In archaic English, where the use of “shall” is expected, using “will” carries the opposite connotation rather than being neutral. “I shall fall asleep” indicates that it’s a decision you’ve made, so “I will fall asleep” carries an undercurrent of “whether I want to or not” by contrast.
As a side note, this means that “shan’t” (the contraction of “shall not”) is used in many places where, now, we’d often use “won’t”.
6. Use of contractions
Given how much of the archaic English we write is spoken by nobles, I should remind less experienced authors that, when speaking that formally, you typically avoid contractions like “won’t” and “shan’t” because “will not” and “shall not” help to reinforce the sense of conviction in your words (which, as a royal, translates to using the might of a political entity to back it up).
7. Use of the “do” auxilliary verb
In the past, people were more likely to save “do” for places where they needed emphasis, so your Early Modern English dialogue can use things like “Dare I?” instead of “Do I dare?” and “I dare not” instead of “I don’t dare” to feel more accurate.
8. Use of “whom”
While many people say things like “to who” today, with “whom” dying off because it doesn’t lend any additional expressive power, if you ask your grandparents (or even your parents, depending on the school they went to), they’ll probably tell you that it was drummed into them that “to who” is bad grammar because “who” is the subject and “whom” is the object.
(“Who gave it to whom?”)
The same principle applies with derived words like whoever (whomever) and so on. As with Thou, the Wikipedia page for Whom is also easy to understand and very helpful in getting used to what has been trimmed from common use.
9. Know the vernacular
One of the biggest differences between Modern English and believable Archaic English is the same as between American English and British English: Which synonyms people prefer when speaking informally.
For example, here are a few of the words and phrases I can think of which can help your archaic speech:
- You have my gratitude (I’m grateful)
- Surely you jest (You’ve gotta be joking)
- Had I but known (If only I’d known)
- Nary (never a/not any, as “nary a sound”)
- Nigh (near/nearly, as in “Our doom is nigh” or “Nigh-impregnable”)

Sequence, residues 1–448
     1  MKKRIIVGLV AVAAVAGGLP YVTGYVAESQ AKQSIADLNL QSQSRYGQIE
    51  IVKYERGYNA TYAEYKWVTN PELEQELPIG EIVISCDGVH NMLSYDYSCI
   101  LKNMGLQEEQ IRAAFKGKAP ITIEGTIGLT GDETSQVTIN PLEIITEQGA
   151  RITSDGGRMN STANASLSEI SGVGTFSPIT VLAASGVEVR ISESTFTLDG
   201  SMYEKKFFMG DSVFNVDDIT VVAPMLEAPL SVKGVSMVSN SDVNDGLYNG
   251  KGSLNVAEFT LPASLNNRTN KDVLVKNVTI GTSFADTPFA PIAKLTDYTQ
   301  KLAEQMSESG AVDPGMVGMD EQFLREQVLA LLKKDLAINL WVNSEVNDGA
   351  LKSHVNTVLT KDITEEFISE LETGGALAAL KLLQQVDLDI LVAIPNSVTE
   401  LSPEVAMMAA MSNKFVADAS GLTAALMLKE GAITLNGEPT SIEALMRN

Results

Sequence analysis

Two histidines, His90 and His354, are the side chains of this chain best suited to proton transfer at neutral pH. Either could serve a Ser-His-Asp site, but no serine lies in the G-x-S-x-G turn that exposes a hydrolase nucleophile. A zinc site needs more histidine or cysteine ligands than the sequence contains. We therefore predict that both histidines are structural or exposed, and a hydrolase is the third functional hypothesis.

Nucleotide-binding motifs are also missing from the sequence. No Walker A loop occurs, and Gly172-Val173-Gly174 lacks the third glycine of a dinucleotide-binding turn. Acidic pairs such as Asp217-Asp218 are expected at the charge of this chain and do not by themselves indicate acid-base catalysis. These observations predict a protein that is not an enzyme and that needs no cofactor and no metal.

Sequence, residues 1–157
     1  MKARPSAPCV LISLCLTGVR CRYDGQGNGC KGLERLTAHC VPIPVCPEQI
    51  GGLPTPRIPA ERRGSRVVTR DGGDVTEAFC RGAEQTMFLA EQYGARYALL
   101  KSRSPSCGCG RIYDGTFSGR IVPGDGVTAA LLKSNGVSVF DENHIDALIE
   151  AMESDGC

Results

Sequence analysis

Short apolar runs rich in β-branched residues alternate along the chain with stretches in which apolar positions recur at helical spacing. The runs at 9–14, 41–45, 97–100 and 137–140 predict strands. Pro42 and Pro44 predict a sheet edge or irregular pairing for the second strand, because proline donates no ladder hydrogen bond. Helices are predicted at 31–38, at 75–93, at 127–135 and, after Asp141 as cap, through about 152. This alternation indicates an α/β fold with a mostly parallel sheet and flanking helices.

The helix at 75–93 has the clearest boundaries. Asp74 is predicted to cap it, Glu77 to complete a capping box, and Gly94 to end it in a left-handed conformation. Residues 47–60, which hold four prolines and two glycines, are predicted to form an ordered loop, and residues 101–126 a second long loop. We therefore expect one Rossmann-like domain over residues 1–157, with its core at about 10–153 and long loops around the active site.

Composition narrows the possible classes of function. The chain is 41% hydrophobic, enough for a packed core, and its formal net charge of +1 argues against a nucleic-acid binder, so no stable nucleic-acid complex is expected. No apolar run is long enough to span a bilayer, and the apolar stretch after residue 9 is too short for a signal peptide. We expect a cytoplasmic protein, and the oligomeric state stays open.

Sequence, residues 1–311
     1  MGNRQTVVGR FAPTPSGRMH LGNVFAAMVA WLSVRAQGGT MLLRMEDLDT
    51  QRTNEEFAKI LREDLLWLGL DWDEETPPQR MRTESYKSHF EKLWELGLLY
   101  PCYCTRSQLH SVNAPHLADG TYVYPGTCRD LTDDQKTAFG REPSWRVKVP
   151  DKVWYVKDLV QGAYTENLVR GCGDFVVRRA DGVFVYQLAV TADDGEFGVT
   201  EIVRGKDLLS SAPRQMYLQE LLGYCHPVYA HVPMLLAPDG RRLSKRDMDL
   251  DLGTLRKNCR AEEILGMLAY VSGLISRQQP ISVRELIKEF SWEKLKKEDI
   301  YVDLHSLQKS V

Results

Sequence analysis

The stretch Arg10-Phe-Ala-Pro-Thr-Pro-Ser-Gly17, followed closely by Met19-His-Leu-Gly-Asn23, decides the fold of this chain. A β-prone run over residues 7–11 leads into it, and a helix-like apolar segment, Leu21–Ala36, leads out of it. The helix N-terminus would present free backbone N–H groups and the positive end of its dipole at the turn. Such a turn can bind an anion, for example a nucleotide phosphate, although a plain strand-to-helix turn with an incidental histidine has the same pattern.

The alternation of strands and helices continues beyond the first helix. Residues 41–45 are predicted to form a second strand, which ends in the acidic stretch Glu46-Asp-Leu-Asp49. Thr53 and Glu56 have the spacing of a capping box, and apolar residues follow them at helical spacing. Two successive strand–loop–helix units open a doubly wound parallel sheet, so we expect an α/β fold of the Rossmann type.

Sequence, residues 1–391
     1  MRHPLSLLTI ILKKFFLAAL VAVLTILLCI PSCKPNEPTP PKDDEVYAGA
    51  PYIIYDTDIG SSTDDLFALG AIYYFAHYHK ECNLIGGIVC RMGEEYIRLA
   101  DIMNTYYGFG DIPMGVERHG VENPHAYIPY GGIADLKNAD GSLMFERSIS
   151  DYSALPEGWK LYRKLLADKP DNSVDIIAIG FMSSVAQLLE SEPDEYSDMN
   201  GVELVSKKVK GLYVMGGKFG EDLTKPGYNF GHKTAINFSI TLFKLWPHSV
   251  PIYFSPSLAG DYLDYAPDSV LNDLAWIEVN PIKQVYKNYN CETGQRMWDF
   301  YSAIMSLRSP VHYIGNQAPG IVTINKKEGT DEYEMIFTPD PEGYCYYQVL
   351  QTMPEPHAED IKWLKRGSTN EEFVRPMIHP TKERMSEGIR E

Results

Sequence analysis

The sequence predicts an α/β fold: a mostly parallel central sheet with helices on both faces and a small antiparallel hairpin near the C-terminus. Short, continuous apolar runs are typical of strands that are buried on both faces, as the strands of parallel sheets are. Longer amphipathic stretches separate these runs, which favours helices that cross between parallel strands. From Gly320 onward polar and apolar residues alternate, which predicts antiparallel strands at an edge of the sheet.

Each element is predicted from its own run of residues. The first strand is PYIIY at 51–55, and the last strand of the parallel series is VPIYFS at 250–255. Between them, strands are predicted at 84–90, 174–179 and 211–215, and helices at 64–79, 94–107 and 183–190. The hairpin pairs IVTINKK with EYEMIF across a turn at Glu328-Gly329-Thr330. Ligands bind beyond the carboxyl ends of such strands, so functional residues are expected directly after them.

- Nought (nothing, as in “It was all for nought”)
- Tarry (Wait/stay/delay, as in “I mustn’t tarry longer”.)
- ‘Tis (An archaic contraction of “it is” which was used as casually as we now use “they’re” or “isn’t”. Given that there was no standard spelling at the time, I prefer to write “T’is” so it’s not mistaken for an opening single quote with no matching closing quote.)
- Unto (Like “upon” or “to”, but indicating an indirect object, as in “Bestowed unto him”)
- Unto (Synonym for “until”, as in “unto death”)
- Yay and Nay (yes and no)
- Yea (so/this, as in “About yea high”)
- Yonder (This/That/Here/There/Those, indicating a place. Eg. “Over yonder” or “yonder valley”)
- Yon (A synonym for “yonder” that may sound more natural in some places.)
- Ensue (eg. “chaos ensued”)
- Employ (in its role as a synonym for “use”)
- Singular (we used to use it instead of “unique”. See, for example, Sherlock Holmes.)
- Don and doff (put on and take off clothing)
- Betwixt (an archaic synonym for between)
Archaic grammar (especially among nobles) often uses more indirect and/or deferential phrasing. (Basically, hedging your bets when talking to someone.) For example:
- “I fail to see how/why” instead of “I don’t see/understand how/why”
- “If you will permit me” instead of “If I’m allowed”
Tip: If you have a friend who’s learning French, ask for their help. A lot of archaic English grammar is more obvious when approached from modern French. (eg. “J’ai peur” -> “I have fear” -> “Have no fear” or “J’ai faim” -> “I have hunger” -> “I hunger”)
10. Never End A Sentence With a Preposition
As long as you know when to make exceptions, following this dying rule helps to lend an educated air to your character. (eg. “I know the place of which you speak” rather than “I know the place you speak of”)
Don’t bother with the also-common “don’t split the infinitive” rule though. That just cripples your ability to make sentences feel good (eg. denying you the option of “to boldly go” by requiring that “to go” remain an undivided phrase).